Monday, October 02, 2006

My Hindsight Bias

Listen to this:

Antiwar liberals last week got to savor the four most satisfying words in the English language: "I told you so."

This was after a declassified National Intelligence Estimate asserted that the war in Iraq was creating more terrorists than it was eliminating. For millions of people who opposed President Bush's mission in Iraq from the start, this was proof positive that they had been right all along. Yes, they told themselves, we saw this disaster coming.

Only . . . that isn't quite true.

One of the most systematic errors in human perception is what psychologists call hindsight bias -- the feeling, after an event happens, that we knew all along it was going to happen. Across a wide spectrum of issues, from politics to the vagaries of the stock market, experiments show that once people know something, they readily believe they knew it all along.

This is not to say that no one predicted the war in Iraq would go badly, or that the insurgency would last so long. Many did. But where people might once have called such scenarios possible, or even likely, many will now be certain that they had known for sure that this was the only possible outcome.

"Liberals' assertion that they 'knew all along' that the war in Iraq would go badly are guilty of the hindsight bias," agreed Hal Arkes, a psychologist at Ohio State University, who has studied the hindsight bias and how to overcome it. "This is not to say that they didn't always think that the war was a bad idea."

Right-o. I guess. Except that I have an advantage over most people in this hindsight bidness. The blog archives. So I dug through them to see when I first wrote a post on Iraq and what I said in it. And here it is, on April 1, 2004:

On Iraq

I have not written much about the war and occupation of Iraq, and I'm not going to begin now, but I'd like to explain (if only to myself) why it's a topic I don't address very much.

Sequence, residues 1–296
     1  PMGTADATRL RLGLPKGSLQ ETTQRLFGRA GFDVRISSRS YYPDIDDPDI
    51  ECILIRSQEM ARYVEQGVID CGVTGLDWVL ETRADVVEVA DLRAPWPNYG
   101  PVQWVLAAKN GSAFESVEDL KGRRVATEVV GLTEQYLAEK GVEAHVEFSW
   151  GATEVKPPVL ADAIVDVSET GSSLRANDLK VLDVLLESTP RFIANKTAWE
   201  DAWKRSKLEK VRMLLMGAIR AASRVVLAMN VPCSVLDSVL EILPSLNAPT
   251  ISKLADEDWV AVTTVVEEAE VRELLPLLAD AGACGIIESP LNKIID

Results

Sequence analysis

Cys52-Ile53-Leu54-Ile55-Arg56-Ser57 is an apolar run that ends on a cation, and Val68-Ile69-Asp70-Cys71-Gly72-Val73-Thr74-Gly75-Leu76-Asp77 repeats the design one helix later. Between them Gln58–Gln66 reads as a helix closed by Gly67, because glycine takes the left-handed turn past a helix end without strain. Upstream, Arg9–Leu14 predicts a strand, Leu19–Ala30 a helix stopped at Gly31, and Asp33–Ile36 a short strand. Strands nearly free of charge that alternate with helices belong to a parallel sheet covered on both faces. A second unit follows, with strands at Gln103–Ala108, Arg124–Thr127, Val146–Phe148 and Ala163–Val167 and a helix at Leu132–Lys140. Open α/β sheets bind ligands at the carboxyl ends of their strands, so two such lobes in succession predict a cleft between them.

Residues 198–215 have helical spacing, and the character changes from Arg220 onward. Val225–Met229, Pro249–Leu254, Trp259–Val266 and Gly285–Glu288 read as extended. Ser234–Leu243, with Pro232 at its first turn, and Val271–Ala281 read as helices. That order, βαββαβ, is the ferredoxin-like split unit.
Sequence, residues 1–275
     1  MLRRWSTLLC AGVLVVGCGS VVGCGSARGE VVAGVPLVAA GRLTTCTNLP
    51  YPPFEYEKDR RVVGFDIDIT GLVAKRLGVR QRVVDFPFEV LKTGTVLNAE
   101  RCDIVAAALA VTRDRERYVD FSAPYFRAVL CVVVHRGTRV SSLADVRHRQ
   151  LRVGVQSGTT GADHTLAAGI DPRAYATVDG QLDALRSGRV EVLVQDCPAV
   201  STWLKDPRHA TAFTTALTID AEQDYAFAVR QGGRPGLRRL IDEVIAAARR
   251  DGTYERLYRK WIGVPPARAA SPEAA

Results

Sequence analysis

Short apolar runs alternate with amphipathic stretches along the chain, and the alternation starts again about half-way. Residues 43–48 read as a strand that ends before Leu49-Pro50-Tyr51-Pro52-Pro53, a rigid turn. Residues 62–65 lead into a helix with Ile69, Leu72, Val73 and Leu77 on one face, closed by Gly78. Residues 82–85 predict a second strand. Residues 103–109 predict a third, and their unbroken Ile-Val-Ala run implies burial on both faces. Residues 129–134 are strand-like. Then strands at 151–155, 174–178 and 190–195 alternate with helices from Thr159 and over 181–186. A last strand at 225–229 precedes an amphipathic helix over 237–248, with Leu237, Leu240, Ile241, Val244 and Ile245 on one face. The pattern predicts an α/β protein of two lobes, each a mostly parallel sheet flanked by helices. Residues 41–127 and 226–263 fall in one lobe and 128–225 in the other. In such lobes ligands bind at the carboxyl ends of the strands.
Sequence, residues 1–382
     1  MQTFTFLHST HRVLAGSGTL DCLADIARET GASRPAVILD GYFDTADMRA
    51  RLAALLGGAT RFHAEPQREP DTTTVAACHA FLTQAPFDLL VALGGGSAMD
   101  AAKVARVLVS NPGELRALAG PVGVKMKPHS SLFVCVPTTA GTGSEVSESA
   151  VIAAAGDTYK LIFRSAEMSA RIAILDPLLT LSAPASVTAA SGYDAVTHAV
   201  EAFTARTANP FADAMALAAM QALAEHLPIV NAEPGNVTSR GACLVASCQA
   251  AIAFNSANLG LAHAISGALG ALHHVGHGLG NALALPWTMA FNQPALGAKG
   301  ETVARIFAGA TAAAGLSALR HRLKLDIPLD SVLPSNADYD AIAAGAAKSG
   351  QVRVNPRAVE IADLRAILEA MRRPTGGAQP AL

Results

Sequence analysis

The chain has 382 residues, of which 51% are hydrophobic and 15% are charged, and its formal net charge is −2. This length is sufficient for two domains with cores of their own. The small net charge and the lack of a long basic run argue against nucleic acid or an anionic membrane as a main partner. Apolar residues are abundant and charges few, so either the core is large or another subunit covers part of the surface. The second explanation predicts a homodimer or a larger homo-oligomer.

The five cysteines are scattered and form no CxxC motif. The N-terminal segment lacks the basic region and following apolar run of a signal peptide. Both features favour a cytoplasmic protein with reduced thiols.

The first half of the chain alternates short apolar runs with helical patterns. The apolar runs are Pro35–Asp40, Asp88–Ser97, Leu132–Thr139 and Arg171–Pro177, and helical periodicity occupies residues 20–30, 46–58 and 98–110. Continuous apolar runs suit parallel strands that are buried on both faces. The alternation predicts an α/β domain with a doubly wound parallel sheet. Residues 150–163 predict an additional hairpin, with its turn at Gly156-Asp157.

The main reason for my silence is that there's very little that's funny about wars, and I want to write about funny things. Only twisted and sick humor thrives in the conditions of war, and I find that I can't laught while reading about dead people, people who are now legless and armless, people who are now homeless. War is about death, death of people and animals, of ideas and of places.

Sometimes there's no alternative for wars, or the alternatives are worse than the wars. But I never believed this to be the case in Iraq, and I found the U.S. administration unable to make a good case for this particular war at this particular time. This war was perhaps planned for a long time by the people now ruling the U.S., but if so, the planning appears to have been extremely poor. Iraq is not being 'pacified' or 'made safe for democracy'. It is a chaotic place where the most violent and desperate will win unless the U.S. troop strength is considerably increased, and even then any solution we impose is just that, an imposed solution which will not live once left to its own resources. Maybe the U.S. intentions were not all about oil or world dominance. I don't know. But democracy can't be imposed from above, and trying to do so while killing lots of people isn't exactly endearing the locals to Western ideals.

My second reason for relative silence is in the extreme sadness I feel whenever I try to think about the future for Iraq. The only realistic scenarios I can imagine are Iraq as an American colony and Iraq as a radical fundamentalist country. Neither scenario is one that I'd like to live under, and I doubt that the colony model would win out in the long run. Thus, by intervening in Iraq we have pretty much guaranteed another place like Afghanistan under Taliban, some time in the future, and I don't like such a society at all; if for no other reason than that I believe men and women are of equal worth and should have the same rights. I can't envisage a secular democracy in a country as religious as Iraq, especially given the number of people who are armed and the total historic lack of any real practise in democracy. Even countries with much less challenging problems than the ones Iraqis face have great difficulty with democracy. Just think of Russia. Or even the U.S...

Finally, my fear is that the net effect of the war and occupation in Iraq is to increase the forces of international terrorists, not to somehow make the world safer. Maybe the terrorists are right now concentrating on Iraq, but new ones are being created by the news from there, and the terror will inevitably spread out over time.

There you have it: my excuses for not commenting much on these historic events. I sincerely and desperately wish that my predictions and views are all wrong. I'd like nothing better than to be proved completely mistaken here, and to find, soon, a democratic and peaceful Iraq, with thriving institutions and civil society. But then I'd like the tooth-fairy to exist, too.

Heh. I'm all smug right now. Except that my writing skills may have gone downhill in the last two years.